In 2008, eclectic filmmaker Gus Van Sant released two films: Paranoid Park, a challenging and formally adventurous indie, and the more classically structured but no less emotionally stirring biopic Milk. I’ve long been fascinated by Van Sant’s interesting and unpredictable career, and his film about San Francisco politician Harvey Milk, who was the first openly gay politician in the U.S., remains as powerful now as it did when I first viewed it almost 10 years ago. Sean Penn delivered a splendid performance as Milk, and everyone around him, including James Franco, Josh Brolin, Emile Hirsch, and Diego Luna all offered fantastic supporting turns. Dustin Lance Black’s sharp screenplay was heavily researched, the dialogue intelligently written, and the film carried a sense of the tragic almost from the beginning. Shot by the incomparable cinematographer Harris Savides, the film had a vibrant and period-authentic aesthetic, which helped to solidify the time and place of the socially combustible narrative. Harvey Milk stood up for the entire gay community in the United States when nobody else dared to speak up for what they knew was right. This made him both loved and hated; wherever he went and whatever he did, his actions provoked passionate responses from everyone who crossed paths with him. The level of conviction that Penn brought to the role of Milk was remarkable, as he fully jettisoned any lingering elements from previous performances, totally embodying the man in both body and spirit. Here was a man who decided that enough was enough – it was time to set things right for himself and everyone like him. Penn breezed through the film with likable ease, and because death hangs over the proceedings so ominously, there was genuine sadness when he met his ultimate fate.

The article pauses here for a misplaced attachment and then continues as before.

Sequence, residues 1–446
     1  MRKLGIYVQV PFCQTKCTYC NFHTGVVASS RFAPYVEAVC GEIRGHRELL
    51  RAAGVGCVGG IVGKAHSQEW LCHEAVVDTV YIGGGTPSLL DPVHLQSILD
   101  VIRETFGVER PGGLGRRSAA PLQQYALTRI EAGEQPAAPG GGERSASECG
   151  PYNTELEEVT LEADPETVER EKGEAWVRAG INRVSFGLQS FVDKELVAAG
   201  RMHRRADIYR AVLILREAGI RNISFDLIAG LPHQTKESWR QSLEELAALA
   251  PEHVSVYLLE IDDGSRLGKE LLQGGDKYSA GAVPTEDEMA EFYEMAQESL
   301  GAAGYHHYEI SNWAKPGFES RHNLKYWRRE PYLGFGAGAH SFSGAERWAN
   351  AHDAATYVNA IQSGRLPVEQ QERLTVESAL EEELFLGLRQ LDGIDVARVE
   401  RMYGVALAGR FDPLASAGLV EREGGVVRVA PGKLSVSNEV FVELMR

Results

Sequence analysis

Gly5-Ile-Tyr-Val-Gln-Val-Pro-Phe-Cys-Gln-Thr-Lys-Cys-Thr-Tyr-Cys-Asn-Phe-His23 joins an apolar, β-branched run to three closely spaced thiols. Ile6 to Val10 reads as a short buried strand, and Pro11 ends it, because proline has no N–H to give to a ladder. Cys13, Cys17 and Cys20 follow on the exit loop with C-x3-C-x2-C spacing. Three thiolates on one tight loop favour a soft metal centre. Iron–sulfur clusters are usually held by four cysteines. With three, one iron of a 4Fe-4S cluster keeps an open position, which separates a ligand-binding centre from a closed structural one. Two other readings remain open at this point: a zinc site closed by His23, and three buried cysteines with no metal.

The other actors were all up to the task as well. Franco, playing Milk’s lover and first campaign strategist Scott Smith, gave one of the best performances of his career; combined with his hilarious turn in Pineapple Express, 2008 was a banner year for Franco. Penn and Franco, from the first scene, generated real on-screen chemistry, making their relationship all the more special and affecting. Brolin was absolutely gripping as the confused and desperate Dan White, a man who may or may not have been gay himself, giving a chilling performance as a person unable to understand the potential differences in other people; it’s a role that could have been oppressively one-note, but Brolin brought layers of emotion and mental complexity to the role. Hirsch registered strongly as Cleve Jones, one of Milk’s political strategists, and Luna, playing Milk’s emotionally troubled boyfriend Jack Lira, brought skittish, nervous energy to every scene he appeared in; you never quite know what will happen when he appears on screen. Van Sant has led an extremely idiosyncratic career as a filmmaker, and after embarking on some seriously avant-garde works (Elephant, Gerry, Last Days, and the previously mentioned Paranoid Park unofficially form a rather brilliant quartet of minimalistic storytelling), it appeared as if he wanted to prove that he could still deliver a more traditional and commercially friendly piece of filmmaking, and that he did with this engaging, wholly engrossing time capsule. And in working with Savides for the fifth time on Milk, Van Sant seamlessly blended archival footage with vivid re-creations of San Francisco in the late 1970’s; the atmosphere that this film possesses feels tangible. It’s sort of like a visually thematic cousin to the work that Savides did on David Fincher’s masterful serial killer/journalism thriller Zodiac. Danny Elfman’s score was never intrusive yet offered wonderful moments of musical inspiration while Elliot Graham’s fluid editing kept the two-hour run time moving along at a swift but unhurried pace. As far as biopics go, this one is at the top of the pile.